At the start of the 2018 season, Jan-Willem van Schip attracted some attention in the Classics by using a unique handlebar position. The Dutchman has now teamed up with Speeco to launch what’s effectively a signature edition product…

Photos: Tamara de Graaf via Speeco.

This year hasn’t seen as much bike racing as we’re used to but that doesn’t mean riders aren’t still seeking out ways to go faster using less effort. Of course, improving aerodynamics is going to make this quest easier and one of the most obvious parts of a bike that can alter how you push into the wind is the handlebar.

Jan-Willem van Schip’s initial foray into a new-fangled position saw him adopt a unique hand/wrist positioning on extremely narrow handlebars (as pictured in Gent-Wevelgem of 2018, below).

At the end of 2020, Speeco and Beat Cycling have teamed up with van Schip to take his school of thought to the next level.

“It has been quite a long process to find my perfect position on the bike,” explained van Schip in a press release issued overnight by Beat Cycling and Speeco, “and it will be different for everybody else.

“So,” concludes van Schip in a realistic, surprisingly frank observation about his handlebars, “what could be the key to success for me, might possibly not work for anybody else.”Whatever comes of the innovative design remains to be seen but it wasn’t terribly long ago that people scoffed at those handlebar extensions that Greg LeMond made famous, so convincingly, back in 1989. Now aerobars seem so obvious… but for them to be invented, someone had to dream up the concept.

RIDE Media has a long history of tracking changes in handlebar designs for road and track bikes. We reported on van Schip back in March 2018. There’s been coverage of other changes to width and handlebar shape before and since.

At the track World Cup in New Zealand last October, for example, Sam Welsford used a prototype handlebar that the Australian Cycling Team had developed (above).

Of course, there’s also been plenty of commentary about product experimentation by Adam Hansen, one of the more curious riders in the pro peloton in recent years.The changes we see with the Speeco product are in keeping with the let’s-go-narrow approach that has been so prevalent in the last 10 years. This movement started on the track with the likes of Chris Hoy, Anna Meares and Shane Perkins… and it continues with van Schip in 2020.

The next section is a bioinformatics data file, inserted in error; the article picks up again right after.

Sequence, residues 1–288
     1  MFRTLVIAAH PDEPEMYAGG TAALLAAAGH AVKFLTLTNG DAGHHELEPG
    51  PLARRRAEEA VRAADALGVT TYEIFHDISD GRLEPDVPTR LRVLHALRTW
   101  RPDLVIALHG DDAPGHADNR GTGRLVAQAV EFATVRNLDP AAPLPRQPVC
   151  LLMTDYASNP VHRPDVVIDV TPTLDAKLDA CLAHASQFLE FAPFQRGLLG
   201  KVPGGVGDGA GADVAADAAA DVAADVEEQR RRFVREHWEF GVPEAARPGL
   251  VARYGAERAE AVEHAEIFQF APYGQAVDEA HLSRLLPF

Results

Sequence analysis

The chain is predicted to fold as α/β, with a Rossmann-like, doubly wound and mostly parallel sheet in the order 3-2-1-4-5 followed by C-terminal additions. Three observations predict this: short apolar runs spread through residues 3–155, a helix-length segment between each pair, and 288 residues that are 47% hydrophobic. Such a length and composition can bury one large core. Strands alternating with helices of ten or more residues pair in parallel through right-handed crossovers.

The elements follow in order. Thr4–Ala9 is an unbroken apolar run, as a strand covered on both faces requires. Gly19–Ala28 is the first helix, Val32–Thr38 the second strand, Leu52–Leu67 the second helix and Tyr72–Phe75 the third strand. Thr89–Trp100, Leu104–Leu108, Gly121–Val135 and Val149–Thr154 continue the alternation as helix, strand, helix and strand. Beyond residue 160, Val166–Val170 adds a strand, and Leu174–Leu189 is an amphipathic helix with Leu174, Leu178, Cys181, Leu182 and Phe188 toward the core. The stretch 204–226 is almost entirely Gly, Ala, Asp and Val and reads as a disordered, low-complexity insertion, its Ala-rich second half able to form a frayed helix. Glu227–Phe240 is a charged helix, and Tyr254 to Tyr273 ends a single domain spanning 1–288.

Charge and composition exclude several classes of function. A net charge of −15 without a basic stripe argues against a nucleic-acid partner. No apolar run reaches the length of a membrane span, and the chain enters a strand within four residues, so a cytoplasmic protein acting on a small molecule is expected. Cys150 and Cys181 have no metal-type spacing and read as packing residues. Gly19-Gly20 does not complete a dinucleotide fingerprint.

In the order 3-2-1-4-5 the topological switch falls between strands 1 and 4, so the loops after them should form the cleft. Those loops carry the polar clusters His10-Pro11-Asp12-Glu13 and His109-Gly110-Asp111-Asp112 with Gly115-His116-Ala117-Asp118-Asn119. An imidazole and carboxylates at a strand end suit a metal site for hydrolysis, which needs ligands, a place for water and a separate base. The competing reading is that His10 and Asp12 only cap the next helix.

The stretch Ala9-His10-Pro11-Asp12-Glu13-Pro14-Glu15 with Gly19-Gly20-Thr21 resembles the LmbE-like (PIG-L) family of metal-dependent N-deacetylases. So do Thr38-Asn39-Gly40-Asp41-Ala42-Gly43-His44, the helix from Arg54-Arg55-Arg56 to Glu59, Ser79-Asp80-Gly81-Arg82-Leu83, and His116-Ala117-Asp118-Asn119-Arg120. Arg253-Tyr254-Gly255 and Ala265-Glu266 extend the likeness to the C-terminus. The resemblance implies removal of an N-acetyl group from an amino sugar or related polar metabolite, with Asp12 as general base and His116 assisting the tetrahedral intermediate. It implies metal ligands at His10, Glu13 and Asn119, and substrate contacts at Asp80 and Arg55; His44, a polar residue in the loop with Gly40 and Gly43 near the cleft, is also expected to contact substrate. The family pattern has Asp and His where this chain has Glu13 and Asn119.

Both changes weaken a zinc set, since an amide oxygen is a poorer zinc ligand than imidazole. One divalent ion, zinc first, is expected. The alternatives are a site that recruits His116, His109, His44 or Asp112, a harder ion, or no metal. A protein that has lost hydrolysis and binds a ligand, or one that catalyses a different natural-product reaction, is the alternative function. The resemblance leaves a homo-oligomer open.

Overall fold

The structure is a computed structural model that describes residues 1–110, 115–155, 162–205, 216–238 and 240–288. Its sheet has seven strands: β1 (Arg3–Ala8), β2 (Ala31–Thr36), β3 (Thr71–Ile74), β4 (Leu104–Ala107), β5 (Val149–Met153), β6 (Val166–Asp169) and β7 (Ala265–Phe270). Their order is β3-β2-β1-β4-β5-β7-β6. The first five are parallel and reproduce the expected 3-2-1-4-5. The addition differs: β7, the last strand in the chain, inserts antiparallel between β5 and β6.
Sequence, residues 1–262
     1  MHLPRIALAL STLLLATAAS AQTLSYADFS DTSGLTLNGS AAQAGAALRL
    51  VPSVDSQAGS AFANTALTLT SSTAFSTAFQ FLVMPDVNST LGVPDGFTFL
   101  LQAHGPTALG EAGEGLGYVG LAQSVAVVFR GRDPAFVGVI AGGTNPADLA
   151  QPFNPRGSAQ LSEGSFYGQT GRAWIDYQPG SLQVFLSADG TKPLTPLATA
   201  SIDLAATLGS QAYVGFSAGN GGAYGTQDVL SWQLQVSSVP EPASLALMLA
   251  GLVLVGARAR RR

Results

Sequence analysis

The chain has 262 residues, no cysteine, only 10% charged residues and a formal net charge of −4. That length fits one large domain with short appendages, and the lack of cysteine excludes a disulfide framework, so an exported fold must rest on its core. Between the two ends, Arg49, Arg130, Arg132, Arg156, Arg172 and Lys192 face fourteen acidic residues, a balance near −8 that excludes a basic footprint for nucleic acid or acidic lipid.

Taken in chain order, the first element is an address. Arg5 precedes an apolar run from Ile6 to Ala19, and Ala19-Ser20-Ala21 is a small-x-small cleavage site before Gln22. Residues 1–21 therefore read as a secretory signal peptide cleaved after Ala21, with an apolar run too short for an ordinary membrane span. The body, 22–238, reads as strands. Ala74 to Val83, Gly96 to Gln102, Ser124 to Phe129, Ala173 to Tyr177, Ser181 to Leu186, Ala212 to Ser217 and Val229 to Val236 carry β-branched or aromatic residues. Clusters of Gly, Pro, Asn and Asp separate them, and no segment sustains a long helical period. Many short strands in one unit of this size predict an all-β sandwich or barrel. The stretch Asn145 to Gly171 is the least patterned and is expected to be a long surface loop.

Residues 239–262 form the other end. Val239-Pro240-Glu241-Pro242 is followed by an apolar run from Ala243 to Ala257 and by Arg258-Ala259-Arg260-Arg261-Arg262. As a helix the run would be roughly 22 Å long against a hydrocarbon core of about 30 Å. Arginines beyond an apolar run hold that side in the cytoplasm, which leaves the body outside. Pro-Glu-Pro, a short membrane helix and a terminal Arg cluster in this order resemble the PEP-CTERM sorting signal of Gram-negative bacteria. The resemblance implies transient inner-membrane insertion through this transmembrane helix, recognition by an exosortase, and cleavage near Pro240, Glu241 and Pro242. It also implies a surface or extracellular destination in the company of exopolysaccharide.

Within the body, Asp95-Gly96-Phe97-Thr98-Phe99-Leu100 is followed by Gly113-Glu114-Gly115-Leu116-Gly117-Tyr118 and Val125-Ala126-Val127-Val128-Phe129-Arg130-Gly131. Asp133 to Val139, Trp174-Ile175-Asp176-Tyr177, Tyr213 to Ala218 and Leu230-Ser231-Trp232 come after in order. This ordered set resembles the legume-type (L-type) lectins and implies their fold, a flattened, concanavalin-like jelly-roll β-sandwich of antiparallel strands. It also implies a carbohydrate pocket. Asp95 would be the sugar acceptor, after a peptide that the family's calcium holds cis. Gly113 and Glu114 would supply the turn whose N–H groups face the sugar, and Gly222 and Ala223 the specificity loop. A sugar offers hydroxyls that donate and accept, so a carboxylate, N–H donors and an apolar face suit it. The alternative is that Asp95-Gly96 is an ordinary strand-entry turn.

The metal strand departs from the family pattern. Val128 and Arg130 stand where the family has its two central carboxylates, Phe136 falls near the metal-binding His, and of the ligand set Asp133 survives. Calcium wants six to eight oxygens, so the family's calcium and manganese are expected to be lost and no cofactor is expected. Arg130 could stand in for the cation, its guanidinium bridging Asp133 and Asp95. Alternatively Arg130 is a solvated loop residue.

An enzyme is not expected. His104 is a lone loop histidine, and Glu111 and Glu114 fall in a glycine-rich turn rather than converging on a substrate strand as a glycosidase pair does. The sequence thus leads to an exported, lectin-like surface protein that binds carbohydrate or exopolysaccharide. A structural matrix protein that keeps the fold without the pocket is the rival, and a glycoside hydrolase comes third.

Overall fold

Perkins said he began using narrower handlebars after his first season of racing on the keirin circuit in Japan back in 2011.

“In Japan, when I went there the first year to ride the keirins, I started off with 40cm,” Perkins told RIDE Media back in 2011. “Then I got the idea to ride with 36cm.

“A couple of guys who I was over there with saw that and followed my example. I’m not saying that I initiated it, but it got everyone thinking more about their handlebars.”The release by van Schip / Speeco is indeed new but, if you’ve followed the progression of handlebar design over the years, it would remind you of Barcelona 1992.

Remember the 100km team time trial that was once part of the Olympic program? Remember the German domination of that event at the Games in Spain? No? Then it might be worth having a look back through some old magazines… (good luck if you find an image of this online – not even Google seems able to produce one).

If you find a photo of Bernd Dittert, Christian Meyer, Uwe Peschel and Michael Rich, you’ll notice that they don’t have any aerobar extension, per se. Rather, they have their forearms positioned on the outside of narrow handlebars and their hands gripping cow-horns as per the style in the pre-aerobar days.

It got them lower at the front and out of the wind. And this theory is repeated with van Schip’s 2020 design which meets all the tech requirements imposed by the UCI for use in racing… at least for now.

Of course, the most prolific changes to handlebar designs and riding positions came out of Scotland and the remarkable mind of Graeme Obree. He took things to such an extreme that the UCI dreamed up new ways of determining what a bicycle should look like, enough – evidently – to have Obree’s bike design banned… twice.

We’ll see what comes of the Speeco product but for the moment, it’s a reminder that cycling product evolution continues in 2020… even if it also harks back to designs from the past, albeit with a modern twist.


– By Rob Arnold